Days of the Dead: Chicago 2016

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Days of the Dead returned to Chicago for one of the greatest shows in the convention's history.
 
 
 
 
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Written by James Orrell
 
 
Days of the Dead always comes strong in Chicago, but this year they truly outdid themselves. All of the events, films, vendors and celebrity guests just came out swinging for the fences and the fans all responded in kind. There was such a strong air of enthusiasm and positivity at this year's Chicago show that infected every aspect of the show. It was one for the ages.
 
Where better to start than with the headliner of the show. Ladies and gentlemen, we were graced by the presence of what can only be described as a god. The original shock rocker and the man that brought both horror and theatrical elements to the world of hard rock/heavy metal for the first time.
 
Alice. Fucking. Cooper.
 
The man's legacy speaks for itself. There's nothing I can say about his career that hasn't been said a million times before. What I can tell you is that as somebody that's attended more Days of the Dead events than most ever since the inaugural event, I have never, ever, seen a crowd quite like this. Alice Cooper brought the fans in by the truckload to a whole new level. His line for autographs and photo ops was incredibly long. But the fans stuck with it and he made sure everyone left happy. The man was simply one of the kindest, most friendly people I have ever met. He took the time to chat with everyone and came across as truly thrilled to be able to talk to his fans.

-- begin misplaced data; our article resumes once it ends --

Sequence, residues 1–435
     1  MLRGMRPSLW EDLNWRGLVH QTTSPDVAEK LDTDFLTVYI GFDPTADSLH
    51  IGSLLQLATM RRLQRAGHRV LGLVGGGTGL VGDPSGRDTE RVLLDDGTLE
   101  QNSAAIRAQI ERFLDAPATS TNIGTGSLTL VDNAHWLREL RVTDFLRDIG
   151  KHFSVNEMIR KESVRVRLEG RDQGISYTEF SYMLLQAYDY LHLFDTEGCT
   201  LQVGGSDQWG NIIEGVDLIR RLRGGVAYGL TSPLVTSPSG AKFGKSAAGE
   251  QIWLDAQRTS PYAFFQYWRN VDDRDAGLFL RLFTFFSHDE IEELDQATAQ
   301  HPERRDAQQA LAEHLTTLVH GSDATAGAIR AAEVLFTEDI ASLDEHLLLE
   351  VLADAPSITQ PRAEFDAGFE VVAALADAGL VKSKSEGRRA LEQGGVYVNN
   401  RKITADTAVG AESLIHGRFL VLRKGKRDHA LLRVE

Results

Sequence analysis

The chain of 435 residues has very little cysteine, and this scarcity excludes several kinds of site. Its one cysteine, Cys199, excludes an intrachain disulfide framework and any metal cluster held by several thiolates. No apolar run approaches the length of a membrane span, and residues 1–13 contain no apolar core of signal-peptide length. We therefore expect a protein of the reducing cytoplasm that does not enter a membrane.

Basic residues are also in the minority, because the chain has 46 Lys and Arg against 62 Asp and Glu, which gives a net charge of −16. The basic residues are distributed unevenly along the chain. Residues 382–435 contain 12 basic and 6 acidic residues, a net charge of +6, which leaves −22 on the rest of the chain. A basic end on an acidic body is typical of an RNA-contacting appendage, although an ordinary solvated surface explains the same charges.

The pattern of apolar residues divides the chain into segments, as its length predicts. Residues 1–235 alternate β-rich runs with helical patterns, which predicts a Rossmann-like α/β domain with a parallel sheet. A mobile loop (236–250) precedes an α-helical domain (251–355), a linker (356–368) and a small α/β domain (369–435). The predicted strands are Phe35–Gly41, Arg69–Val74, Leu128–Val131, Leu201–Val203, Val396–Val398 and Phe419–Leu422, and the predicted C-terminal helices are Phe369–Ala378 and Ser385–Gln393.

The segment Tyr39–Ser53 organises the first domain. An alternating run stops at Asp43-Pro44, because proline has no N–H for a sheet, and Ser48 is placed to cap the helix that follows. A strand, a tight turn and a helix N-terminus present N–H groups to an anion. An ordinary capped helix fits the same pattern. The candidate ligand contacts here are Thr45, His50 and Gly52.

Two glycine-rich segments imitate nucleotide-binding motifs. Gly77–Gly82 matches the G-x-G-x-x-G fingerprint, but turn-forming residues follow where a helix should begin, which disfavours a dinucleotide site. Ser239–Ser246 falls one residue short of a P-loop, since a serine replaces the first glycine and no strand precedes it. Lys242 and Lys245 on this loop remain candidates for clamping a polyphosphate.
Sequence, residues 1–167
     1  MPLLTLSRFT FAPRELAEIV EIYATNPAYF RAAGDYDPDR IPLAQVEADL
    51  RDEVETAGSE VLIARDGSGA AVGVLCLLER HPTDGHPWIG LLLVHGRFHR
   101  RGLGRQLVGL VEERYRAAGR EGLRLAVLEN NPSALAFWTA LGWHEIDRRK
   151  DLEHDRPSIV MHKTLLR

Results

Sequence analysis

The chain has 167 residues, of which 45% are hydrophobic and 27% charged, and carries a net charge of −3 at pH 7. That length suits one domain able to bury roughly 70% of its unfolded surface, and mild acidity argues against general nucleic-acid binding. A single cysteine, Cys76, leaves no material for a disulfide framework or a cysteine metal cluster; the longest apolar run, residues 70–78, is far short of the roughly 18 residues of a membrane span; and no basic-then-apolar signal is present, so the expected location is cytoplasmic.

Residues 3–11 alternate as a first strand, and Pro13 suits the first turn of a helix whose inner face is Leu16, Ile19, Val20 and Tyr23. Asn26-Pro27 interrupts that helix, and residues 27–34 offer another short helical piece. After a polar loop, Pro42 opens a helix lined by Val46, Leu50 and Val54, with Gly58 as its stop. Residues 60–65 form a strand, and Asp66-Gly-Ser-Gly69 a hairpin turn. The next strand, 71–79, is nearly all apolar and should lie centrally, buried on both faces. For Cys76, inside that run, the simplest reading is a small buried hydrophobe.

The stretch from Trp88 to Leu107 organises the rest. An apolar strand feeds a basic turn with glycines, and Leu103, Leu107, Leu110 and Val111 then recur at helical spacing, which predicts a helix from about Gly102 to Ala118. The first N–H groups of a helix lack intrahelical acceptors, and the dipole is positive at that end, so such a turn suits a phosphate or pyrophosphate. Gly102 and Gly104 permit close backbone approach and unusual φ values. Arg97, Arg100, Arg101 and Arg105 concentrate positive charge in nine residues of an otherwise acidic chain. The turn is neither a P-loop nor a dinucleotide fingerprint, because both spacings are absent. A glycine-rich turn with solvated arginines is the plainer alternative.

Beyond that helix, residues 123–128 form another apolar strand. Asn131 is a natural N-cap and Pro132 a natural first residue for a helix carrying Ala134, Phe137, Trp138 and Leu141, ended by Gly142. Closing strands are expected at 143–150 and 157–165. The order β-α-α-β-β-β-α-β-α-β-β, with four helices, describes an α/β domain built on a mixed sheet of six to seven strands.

The man raised the bar for future headliners. No question.
 
All of the other guests were incredible as well. Marty Jannetty's antics may have been a bit much of some of the staff, but he was incredibly cool to each fan that met him. Shannon Elizabeth was as lovely as you'd imagine. Ric Flair was Ric Flair. Another god amongst men. Charlie Benante and Dave Ellefson both raised the bar for metal guests and were truly a treat to meet. Of course the regulars that are as much a part of the family as the guests and staff are were their usual awesome selves. Felissa Rose, Bill Moseley, Sid Haig, Tony Todd and Kane Hodder all had great lines and always know how to treat their fans. Overall, I couldn't be happier with the entire lineup.
 
The events are part of what makes Days of the Dead such an exceptional convention and this one was no exception. The Chaostume Contest was as epic as always, with some really awesome contestants. Chris Blair owned the SFX challenge with his big box of fuckery and his incredible Pac-Man three piece suit. It never ceases to amaze me just how creative and talented the contestants are in this challenge. Scott Medjesky and Harry Bean have the tattoo contest locked down by this point, but there was an added wrinkle. Up until the tattoo contest, there had been a silent auction of incredible artwork at Scott's table to raise money for the family of a tattoo artist who sadly had passed away. The winners of the auction were announced at the event. I'm happy to say that the charitable nature of Days of the Dead attendees showed up once again and they made a decent chunk of change for them.